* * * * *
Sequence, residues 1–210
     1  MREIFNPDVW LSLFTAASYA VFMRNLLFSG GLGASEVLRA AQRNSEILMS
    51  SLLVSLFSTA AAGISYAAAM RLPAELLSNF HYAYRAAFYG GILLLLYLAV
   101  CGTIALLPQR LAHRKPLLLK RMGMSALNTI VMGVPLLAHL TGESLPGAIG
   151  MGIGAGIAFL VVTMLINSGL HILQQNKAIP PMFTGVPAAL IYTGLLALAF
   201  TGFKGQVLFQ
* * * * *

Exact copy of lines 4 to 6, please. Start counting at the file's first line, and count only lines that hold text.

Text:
   101  CGTIALLPQR LAHRKPLLLK RMGMSALNTI VMGVPLLAHL TGESLPGAIG
   151  MGIGAGIAFL VVTMLINSGL HILQQNKAIP PMFTGVPAAL IYTGLLALAF
   201  TGFKGQVLFQ